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    Fr. Joseph Jenkins

  • The blog header depicts an important and yet mis-understood New Testament scene, Jesus flogging the money-changers out of the temple. I selected it because the faith that gives us consolation can also make us very uncomfortable. Both Divine Mercy and Divine Justice meet in Jesus. Priests are ministers of reconciliation, but never at the cost of truth. In or out of season, we must be courageous in preaching and living out the Gospel of Life. The title of my blog is a play on words, not Flogger Priest but Blogger Priest.

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Contraception, Gender Roles & Priestesses

Do you know that there is no single cell in the human body (with the exception of gametes for reproduction) which is not sexually imprinted as either male or female? I will not go into an elementary lecture on the structural differences between the sexes or the differing roles in the marital act. Although a few contest it, there are differences in the characteristics of mind and spirit, too. While we must be careful of stereotypes, women seem to have a heightened receptivity and religious sense. Their powers of intuition and emotion also seem more pronounced over the male’s analytical approach to life and ideas. We cannot dismiss the wonderful gifts of women. These kinds of distinctions must be considered in any debate regarding women ministers, and even more so, about the possibility of women priests or priestesses. The differences between the sexes and any talk about the subordination of women do not imply inferiority and is ultimately the will of the Creator. Any degradation of womanhood would be a false interpretation of Scripture and impugn the work of God with creation and human nature.

The question of women in the priesthood arose after the so-called sexual revolution. The legalization and endorsement of artificial contraception tended to escalate the separation of womanhood from motherhood and the home. The role of women went through a drastic reappraisal. Sexual expression was also increasingly severed from marriage and the desire for a family. After the Anglican decision to tolerate contraception, at least for married couples, in 1930, the Catholic Church felt compelled to respond with a clear repudiation of such a stance. I am among the school of thought holding that Pope Pius XI’s encyclical on the ends of marriage, Casti Connubii, fulfills the requirements for infallibility within the universal ordinary Magisterium. All the world bishops were consulted and it was received everywhere, by the shepherds and laity alike. Dr. William May and Dr. Germain Grisez are also of one mind about this. The encyclical condemned artificial contraception. But, what is more, it corrected the modern view about the “equality of rights” of the spouses. The Holy Father wrote, “. . . there must be a certain inequality . . . which is demanded by the good of the family and the right ordering and unity and stability of home life” (paragraph 77). This “hierarchical” ordering of marriage implied not denigration of women, “for if the man is the head, the woman is the heart” of the family (paragraph 27f). Similarly, Pius XII emphasized that the particular qualities of the sexes had to be given recognition, especially the social leadership of men and the maternal traits of women. The voice of the true Vatican II, not the nebulous and often contradictory “spirit of Vatican II,” signifies that the differences between the sexes be acknowledged and nurtured. In the Declaration on Christian Education, we read, “. . . pay due regard in every educational activity to sexual differences and to the special role which divine Providence allots to each sex in family life and in society” (#8).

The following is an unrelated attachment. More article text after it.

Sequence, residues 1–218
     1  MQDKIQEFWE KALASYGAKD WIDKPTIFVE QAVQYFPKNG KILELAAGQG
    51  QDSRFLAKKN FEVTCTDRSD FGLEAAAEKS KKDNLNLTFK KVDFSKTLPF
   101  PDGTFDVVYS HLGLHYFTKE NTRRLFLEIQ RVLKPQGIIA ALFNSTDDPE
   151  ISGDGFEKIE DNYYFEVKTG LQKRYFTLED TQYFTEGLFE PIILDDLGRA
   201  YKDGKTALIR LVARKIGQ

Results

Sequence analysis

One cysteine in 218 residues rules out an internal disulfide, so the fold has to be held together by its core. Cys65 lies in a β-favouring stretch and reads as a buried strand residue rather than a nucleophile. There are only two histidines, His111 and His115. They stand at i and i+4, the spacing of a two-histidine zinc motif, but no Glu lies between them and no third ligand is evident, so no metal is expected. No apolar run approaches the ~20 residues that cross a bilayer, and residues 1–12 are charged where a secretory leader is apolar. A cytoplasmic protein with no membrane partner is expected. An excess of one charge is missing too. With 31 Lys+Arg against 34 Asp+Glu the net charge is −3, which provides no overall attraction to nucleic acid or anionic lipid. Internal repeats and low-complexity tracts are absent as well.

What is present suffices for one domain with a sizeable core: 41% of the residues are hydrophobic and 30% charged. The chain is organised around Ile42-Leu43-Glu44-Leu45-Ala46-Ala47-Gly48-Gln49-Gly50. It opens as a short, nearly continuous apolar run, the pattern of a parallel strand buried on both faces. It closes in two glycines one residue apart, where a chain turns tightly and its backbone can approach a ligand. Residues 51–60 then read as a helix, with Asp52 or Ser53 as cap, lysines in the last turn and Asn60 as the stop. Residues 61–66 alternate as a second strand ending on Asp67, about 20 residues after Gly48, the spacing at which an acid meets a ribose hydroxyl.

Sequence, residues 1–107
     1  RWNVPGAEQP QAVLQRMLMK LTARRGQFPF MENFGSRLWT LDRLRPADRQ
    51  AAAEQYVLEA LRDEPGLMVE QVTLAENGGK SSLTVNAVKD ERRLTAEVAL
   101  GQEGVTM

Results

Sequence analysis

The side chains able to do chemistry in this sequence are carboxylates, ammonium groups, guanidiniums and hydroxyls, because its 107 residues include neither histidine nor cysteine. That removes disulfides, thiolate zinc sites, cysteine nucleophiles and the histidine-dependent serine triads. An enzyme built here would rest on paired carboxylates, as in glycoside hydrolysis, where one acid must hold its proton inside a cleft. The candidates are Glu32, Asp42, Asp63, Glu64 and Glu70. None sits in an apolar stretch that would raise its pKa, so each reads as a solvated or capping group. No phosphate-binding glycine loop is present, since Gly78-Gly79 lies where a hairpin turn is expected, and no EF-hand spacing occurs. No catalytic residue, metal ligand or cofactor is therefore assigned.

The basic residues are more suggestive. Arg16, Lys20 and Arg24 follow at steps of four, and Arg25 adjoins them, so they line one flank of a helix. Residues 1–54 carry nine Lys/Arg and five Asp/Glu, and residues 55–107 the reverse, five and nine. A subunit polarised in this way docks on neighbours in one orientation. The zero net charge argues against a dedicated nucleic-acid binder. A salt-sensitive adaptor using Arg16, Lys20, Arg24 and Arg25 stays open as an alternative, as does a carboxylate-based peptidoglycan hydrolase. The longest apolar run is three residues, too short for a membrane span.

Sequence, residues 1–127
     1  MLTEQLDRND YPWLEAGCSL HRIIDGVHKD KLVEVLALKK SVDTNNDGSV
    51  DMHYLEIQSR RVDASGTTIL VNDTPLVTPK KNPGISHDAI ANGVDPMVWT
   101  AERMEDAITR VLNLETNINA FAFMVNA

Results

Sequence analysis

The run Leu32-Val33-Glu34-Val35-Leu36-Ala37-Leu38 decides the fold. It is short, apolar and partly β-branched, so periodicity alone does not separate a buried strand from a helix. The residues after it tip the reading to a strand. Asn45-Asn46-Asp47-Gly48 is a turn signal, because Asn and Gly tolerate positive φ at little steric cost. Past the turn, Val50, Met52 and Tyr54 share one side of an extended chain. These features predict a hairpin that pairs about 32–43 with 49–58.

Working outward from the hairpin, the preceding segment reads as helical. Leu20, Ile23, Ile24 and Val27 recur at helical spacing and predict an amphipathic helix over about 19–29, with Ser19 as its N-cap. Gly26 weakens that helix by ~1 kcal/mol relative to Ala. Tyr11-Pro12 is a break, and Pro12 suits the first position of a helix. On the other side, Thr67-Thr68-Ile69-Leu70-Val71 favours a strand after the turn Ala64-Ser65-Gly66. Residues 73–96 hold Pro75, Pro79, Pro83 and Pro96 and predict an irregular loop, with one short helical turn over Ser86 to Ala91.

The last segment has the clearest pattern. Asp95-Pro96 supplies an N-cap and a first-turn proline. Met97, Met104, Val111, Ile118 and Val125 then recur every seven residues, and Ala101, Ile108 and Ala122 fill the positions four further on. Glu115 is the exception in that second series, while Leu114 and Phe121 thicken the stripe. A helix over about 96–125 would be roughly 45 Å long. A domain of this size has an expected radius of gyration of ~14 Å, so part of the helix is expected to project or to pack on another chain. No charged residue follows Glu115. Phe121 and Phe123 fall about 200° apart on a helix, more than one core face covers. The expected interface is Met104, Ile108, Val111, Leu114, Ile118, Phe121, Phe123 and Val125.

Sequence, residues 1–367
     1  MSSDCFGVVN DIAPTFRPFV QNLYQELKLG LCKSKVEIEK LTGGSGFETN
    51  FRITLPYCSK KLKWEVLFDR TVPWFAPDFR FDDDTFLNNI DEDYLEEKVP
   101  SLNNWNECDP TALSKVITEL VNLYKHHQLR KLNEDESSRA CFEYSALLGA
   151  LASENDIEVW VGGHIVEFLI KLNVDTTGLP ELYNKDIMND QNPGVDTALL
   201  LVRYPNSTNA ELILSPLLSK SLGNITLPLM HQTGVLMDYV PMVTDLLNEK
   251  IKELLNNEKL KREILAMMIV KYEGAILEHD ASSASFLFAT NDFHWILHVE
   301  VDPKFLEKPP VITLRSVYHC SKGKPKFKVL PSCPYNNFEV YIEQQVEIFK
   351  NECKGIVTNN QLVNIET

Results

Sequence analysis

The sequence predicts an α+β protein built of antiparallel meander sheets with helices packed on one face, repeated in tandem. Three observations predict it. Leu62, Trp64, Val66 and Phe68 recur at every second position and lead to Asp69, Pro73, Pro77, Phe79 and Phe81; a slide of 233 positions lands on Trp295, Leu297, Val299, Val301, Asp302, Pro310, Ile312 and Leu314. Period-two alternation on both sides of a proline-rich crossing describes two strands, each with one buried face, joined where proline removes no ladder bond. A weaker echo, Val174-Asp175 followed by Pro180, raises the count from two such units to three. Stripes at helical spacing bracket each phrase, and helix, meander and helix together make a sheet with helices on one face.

I digress into all this to stress that the sexes are not the same. Further, the Church and her tradition puts much weight on the marriage analogy in understanding the priesthood and ecclesial identity as expressed in the Mass. Seen in this light, many observers would argue that it appears the ordination of women is counter to female human nature as it arises from the creative providence of God.

POPE JOHN PAUL II: “I declare that the Church has no authority whatsoever to confer priestly ordination on women and that this judgment is to be definitively held by all the Church’s faithful” (Ordinatio Sacerdotalis).

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